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What happens when you stop teaching young children via direct instruction and instead set up purposeful opportunities to play? They could learn just as much—or more— when it comes to literacy, numeracy and executive function skills critical to early academic success, according to a new review of 17 studies of play.
Researchers looked at 39 studies of play and included 17 in a meta-analysis that found when children ages three to eight engage in guided play, they can learn just as much in some domains of literacy and executive function as children who receive direct instruction from a teacher or adult. (The studies that were excluded did not fit the review’s criteria of assessing child learning and development outcomes.) Guided play, unlike free play, means there is a learning goal set by an adult and children are ‘gently steered’ to explore. The study found children also learned slightly more in some areas of numeracy, like knowledge of shapes, and showed a greater mastery of some behavioral skills, like being able to switch tasks.
These findings, which were published in the journal, Child Development, add to a growing body of research that has found play is not simply a carefree tangent to learning, but rather an effective way to teach important early skills.
“Children often struggle with mathematical concepts because they are abstract,” said Elizabeth Byrne, a co-author of the study and a research associate at the University of Cambridge, in a statement. That’s why the hands-on nature of play may be helpful. Those concepts “become easier to understand if you are actually using them in an imaginary game or playful context.”
These findings come at a time when many experts are calling for more play for kids to mitigate the trauma children have experienced during the pandemic. Last year, a report by the LEGO Foundation that looked at 26 studies of play from 18 countries found play is so powerful it can reduce inequality and close achievement gaps between children ages 3 to 6. Those studies, which also looked at free play in addition to guided play, found children progressed in several domains of learning, including language and literacy, math and social-emotional skills.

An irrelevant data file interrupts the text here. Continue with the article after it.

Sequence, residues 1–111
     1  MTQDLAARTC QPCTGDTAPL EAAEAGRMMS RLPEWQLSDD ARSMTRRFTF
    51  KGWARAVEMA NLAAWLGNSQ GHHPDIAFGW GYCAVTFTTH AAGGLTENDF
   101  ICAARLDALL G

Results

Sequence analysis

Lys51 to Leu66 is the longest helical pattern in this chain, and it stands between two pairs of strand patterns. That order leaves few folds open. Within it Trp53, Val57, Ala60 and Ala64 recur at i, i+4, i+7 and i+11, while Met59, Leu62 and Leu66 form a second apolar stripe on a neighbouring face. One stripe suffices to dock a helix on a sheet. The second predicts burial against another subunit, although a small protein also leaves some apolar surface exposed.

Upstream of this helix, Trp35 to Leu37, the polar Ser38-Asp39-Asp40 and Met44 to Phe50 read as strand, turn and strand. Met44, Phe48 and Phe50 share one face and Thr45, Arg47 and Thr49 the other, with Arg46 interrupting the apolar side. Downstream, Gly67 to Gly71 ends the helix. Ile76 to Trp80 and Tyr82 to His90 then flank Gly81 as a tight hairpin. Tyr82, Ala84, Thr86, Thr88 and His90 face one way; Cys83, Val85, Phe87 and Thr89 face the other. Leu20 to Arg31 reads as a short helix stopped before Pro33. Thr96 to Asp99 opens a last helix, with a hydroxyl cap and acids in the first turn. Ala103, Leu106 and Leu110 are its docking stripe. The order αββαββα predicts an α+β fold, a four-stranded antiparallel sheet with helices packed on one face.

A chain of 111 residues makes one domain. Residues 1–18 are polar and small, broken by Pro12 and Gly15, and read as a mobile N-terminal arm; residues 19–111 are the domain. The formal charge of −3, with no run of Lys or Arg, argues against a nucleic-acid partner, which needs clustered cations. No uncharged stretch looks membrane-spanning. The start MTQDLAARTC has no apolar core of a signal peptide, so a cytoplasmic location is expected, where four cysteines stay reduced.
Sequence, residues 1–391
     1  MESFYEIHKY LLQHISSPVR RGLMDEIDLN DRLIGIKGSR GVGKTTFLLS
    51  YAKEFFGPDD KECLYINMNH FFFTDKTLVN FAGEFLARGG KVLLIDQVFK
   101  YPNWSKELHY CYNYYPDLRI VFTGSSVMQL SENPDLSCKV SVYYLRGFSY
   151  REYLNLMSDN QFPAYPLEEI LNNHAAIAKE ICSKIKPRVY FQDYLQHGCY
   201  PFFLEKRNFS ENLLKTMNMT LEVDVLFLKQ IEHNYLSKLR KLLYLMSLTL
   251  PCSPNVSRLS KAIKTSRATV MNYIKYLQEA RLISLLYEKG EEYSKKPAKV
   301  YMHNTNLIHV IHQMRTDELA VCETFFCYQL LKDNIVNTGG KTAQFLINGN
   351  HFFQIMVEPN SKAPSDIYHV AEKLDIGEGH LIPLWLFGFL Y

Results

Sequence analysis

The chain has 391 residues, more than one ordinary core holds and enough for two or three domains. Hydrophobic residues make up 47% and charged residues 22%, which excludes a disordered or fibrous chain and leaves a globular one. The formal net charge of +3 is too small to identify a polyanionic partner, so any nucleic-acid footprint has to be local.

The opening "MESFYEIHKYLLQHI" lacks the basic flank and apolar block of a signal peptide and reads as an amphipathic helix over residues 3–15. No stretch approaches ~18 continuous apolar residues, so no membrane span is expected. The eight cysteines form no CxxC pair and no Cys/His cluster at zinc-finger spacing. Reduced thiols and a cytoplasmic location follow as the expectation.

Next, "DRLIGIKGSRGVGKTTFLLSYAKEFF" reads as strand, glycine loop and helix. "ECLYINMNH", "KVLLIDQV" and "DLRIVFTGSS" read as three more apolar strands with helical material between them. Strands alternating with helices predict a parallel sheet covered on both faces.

While direct instruction gets information across quickly and is effective for certain skills or lessons in a classroom, “real learning” occurs when children are active and engaged, said
Kathy Hirsh-Pasek, a professor of psychology at Temple University and a senior fellow at the Brookings Institution. That’s why play can be so effective, she added, as children are active and engaged when playing, but may be passive listeners when sitting through some direct instruction lessons. “What it’s really about here is can we teach human brains in the way human brains learn,” Hirsh-Pasek said.
An added benefit is kids enjoy play more than sitting and listening to an adult talk at them. “The kids are happier, the teachers are happier. It’s teaching them more about how to collaborate and communicate,” she added.
In the years prior to the pandemic, some states and districts were bringing more play into schools by creating play-based kindergarten classrooms. It was an attempt to move away from the rigorous, academic-focused kindergarten classrooms that emerged in a nation concerned about low reading scores and meeting the Common Core standards. One top pre-K researcher recently called for more play in pre-K amidst concerns that state-funded pre-K programs involve too much direct instruction and not enough time spent outside.
Meanwhile, programs like the Playful Learning Landscape project, led by Hirsh-Pasek, and nonprofits like KABOOM! aim to create play-based learning opportunities outside of the classroom while also improving access to playgrounds.
While play seems simple enough for kids, Hirsh-Pasek said guided play is a bit more purposeful.